- 5.4.1: Let x = (1, 1, 1, 1)T and y = (1, 1, 5, 3)T . Show that x y. Calcul...
- 5.4.2: Let x = (1, 1, 1, 1)T and y = (8, 2, 2, 0)T . (a) Determine the ang...
- 5.4.3: Use equation (1) with weight vector w = 1 4 , 1 2 , 1 4 T to define...
- 5.4.4: Given A = 122 102 311 and B = 411 332 1 2 2 determine the value of ...
- 5.4.5: Show that equation (2) defines an inner product on Rmn.
- 5.4.6: Show that the inner product defined by equation (3) satisfies the l...
- 5.4.7: In C[0, 1], with inner product defined by (3), compute (a) ex , ex ...
- 5.4.8: In C[0, 1], with inner product defined by (3), consider the vectors...
- 5.4.9: In C[, ] with inner product defined by (6), show that cos mx and si...
- 5.4.10: Show that the functions x and x2 are orthogonal in P5 with inner pr...
- 5.4.11: In P5 with inner product as in Exercise 10 and norm defined by p = ...
- 5.4.12: . If V is an inner product space, show that v = v, v satisfies the ...
- 5.4.13: . Show that x1 = n i=1 |xi| defines a norm on Rn. 1
- 5.4.14: Show that x = max 1in |xi| defines a norm on Rn. 1
- 5.4.15: Compute x1, x2, and x for each of the following vectors in R3. (a) ...
- 5.4.16: Let x = (5, 2, 4)T and y = (3, 3, 2)T . Compute x y1, x y2, and x y...
- 5.4.17: Let x and y be vectors in an inner product space. Show that if x y ...
- 5.4.18: Show that if u and v are vectors in an inner product space that sat...
- 5.4.19: Show that if u and v are vectors in an inner product space that sat...
- 5.4.20: Let A be a nonsingular n n matrix and for each vector x in Rn defin...
- 5.4.21: Let x Rn. Show that x x2. 22.
- 5.4.22: Let x R2. Show that x2 x1. [Hint: Write x in the form x1e1 + x2e2 a...
- 5.4.23: Give an example of a nonzero vector x R2 for which x = x2 = x1 24. Sh
- 5.4.24: Show that in any vector space with a norm v=v 25.
- 5.4.25: Show that for any u and v in a normed vector space u + v | uv | 26. Pr
- 5.4.26: Prove that, for any u and v in an inner product space V, u + v2 + u...
- 5.4.27: The result of Exercise 26 is not valid for norms other than the nor...
- 5.4.28: Determine whether the following define norms on C[a, b]: (a) f =| f...
- 5.4.29: Let x Rn and show that (a) x1 nx (b) x2 n x Give examples of vector...
- 5.4.30: . Sketch the set of points (x1, x2) = xT in R2 such that (a) x2 = 1...
- 5.4.31: Let K be an n n matrix of the form K = 1 c c c c 0 s sc sc sc 0 0 s...
- 5.4.32: The trace of an nn matrix C, denoted tr(C), is the sum of its diago...
- 5.4.33: Consider the vector space Rn with inner product x, y = xT y. Show t...
Solutions for Chapter 5.4: Inner Product Spaces
Full solutions for Linear Algebra with Applications | 9th Edition
Basis for V.
Independent vectors VI, ... , v d whose linear combinations give each vector in V as v = CIVI + ... + CdVd. V has many bases, each basis gives unique c's. A vector space has many bases!
A matrix can be partitioned into matrix blocks, by cuts between rows and/or between columns. Block multiplication ofAB is allowed if the block shapes permit.
A = CTC = (L.J]))(L.J]))T for positive definite A.
Echelon matrix U.
The first nonzero entry (the pivot) in each row comes in a later column than the pivot in the previous row. All zero rows come last.
Elimination matrix = Elementary matrix Eij.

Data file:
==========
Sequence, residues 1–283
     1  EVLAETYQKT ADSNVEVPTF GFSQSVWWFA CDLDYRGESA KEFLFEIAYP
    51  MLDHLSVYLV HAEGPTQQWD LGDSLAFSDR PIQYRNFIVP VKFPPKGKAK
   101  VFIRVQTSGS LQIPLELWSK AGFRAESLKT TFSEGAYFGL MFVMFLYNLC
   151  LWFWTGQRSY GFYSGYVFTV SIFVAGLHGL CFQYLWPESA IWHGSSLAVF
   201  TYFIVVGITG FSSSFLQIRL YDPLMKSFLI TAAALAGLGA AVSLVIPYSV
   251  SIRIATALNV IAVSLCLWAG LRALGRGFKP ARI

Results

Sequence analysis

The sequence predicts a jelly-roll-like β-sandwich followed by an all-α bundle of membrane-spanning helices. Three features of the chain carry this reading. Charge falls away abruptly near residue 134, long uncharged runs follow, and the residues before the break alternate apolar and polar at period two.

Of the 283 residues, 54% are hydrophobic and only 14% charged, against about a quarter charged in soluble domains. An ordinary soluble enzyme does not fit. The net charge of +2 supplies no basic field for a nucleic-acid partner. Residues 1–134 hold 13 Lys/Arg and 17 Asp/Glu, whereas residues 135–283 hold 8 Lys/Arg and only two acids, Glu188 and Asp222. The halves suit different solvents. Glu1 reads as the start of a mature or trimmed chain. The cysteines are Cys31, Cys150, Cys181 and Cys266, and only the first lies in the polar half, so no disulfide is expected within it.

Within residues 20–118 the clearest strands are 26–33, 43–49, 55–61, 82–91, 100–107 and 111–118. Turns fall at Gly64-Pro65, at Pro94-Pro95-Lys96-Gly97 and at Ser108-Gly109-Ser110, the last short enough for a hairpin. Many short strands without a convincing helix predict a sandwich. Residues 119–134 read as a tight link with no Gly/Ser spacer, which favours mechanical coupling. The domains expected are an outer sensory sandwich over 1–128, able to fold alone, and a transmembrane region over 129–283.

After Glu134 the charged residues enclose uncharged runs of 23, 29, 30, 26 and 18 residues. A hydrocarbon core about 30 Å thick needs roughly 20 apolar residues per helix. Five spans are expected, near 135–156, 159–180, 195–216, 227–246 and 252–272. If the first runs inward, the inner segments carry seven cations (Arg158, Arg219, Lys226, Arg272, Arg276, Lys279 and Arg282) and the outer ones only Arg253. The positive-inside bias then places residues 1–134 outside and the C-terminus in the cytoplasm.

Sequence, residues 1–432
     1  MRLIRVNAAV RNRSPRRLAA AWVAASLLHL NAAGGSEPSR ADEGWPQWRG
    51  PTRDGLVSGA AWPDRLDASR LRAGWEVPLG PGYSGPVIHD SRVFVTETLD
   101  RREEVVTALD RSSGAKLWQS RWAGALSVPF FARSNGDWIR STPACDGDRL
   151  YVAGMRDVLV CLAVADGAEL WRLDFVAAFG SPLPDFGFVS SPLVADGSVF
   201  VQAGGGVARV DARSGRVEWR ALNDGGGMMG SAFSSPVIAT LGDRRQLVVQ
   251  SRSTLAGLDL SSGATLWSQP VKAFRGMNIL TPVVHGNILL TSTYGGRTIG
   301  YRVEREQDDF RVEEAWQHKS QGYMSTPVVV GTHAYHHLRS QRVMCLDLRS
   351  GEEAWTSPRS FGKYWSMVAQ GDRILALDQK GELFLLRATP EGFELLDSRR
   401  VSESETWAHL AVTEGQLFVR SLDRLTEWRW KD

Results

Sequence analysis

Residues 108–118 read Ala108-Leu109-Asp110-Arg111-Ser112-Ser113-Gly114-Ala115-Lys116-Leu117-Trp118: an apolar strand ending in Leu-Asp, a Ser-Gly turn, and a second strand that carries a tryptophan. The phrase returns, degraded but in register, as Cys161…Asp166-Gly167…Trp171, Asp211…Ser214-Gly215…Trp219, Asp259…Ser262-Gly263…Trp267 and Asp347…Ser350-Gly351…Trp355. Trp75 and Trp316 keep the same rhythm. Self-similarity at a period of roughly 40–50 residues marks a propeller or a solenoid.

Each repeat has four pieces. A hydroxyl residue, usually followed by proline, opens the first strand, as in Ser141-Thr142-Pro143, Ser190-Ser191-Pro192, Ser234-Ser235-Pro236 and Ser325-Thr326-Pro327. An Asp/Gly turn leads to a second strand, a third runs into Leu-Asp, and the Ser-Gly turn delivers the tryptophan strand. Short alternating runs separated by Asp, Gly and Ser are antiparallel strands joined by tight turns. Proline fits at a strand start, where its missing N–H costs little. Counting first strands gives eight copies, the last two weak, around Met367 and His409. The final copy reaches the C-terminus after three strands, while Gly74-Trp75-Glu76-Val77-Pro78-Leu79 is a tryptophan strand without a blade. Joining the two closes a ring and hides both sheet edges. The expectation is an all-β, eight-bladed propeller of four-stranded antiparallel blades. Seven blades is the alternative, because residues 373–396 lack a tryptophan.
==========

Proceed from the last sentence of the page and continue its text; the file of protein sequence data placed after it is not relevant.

The identity matrix with an extra -eij in the i, j entry (i #- j). Then Eij A subtracts eij times row j of A from row i.
Ellipse (or ellipsoid) x T Ax = 1.
A must be positive definite; the axes of the ellipse are eigenvectors of A, with lengths 1/.JI. (For IIx II = 1 the vectors y = Ax lie on the ellipse IIA-1 yll2 = Y T(AAT)-1 Y = 1 displayed by eigshow; axis lengths ad
The nullspace N (A) and row space C (AT) are orthogonal complements in Rn(perpendicular from Ax = 0 with dimensions rand n - r). Applied to AT, the column space C(A) is the orthogonal complement of N(AT) in Rm.
Hessenberg matrix H.
Triangular matrix with one extra nonzero adjacent diagonal.
Inverse matrix A-I.
Square matrix with A-I A = I and AA-l = I. No inverse if det A = 0 and rank(A) < n and Ax = 0 for a nonzero vector x. The inverses of AB and AT are B-1 A-I and (A-I)T. Cofactor formula (A-l)ij = Cji! detA.
A sequence of steps intended to approach the desired solution.
Jordan form 1 = M- 1 AM.
If A has s independent eigenvectors, its "generalized" eigenvector matrix M gives 1 = diag(lt, ... , 1s). The block his Akh +Nk where Nk has 1 's on diagonall. Each block has one eigenvalue Ak and one eigenvector.
Krylov subspace Kj(A, b).
The subspace spanned by b, Ab, ... , Aj-Ib. Numerical methods approximate A -I b by x j with residual b - Ax j in this subspace. A good basis for K j requires only multiplication by A at each step.
lA-II = l/lAI and IATI = IAI.
The big formula for det(A) has a sum of n! terms, the cofactor formula uses determinants of size n - 1, volume of box = I det( A) I.
Ln = 2,J, 3, 4, ... satisfy Ln = L n- l +Ln- 2 = A1 +A~, with AI, A2 = (1 ± -/5)/2 from the Fibonacci matrix U~]' Compare Lo = 2 with Fo = O.
In each column, choose the largest available pivot to control roundoff; all multipliers have leij I < 1. See condition number.
Permutation matrix P.
There are n! orders of 1, ... , n. The n! P 's have the rows of I in those orders. P A puts the rows of A in the same order. P is even or odd (det P = 1 or -1) based on the number of row exchanges to reach I.
Singular matrix A.
A square matrix that has no inverse: det(A) = o.
Solvable system Ax = b.
The right side b is in the column space of A.
Symmetric factorizations A = LDLT and A = QAQT.
Signs in A = signs in D.
Stretch and shift the time axis to create Wjk(t) = woo(2j t - k).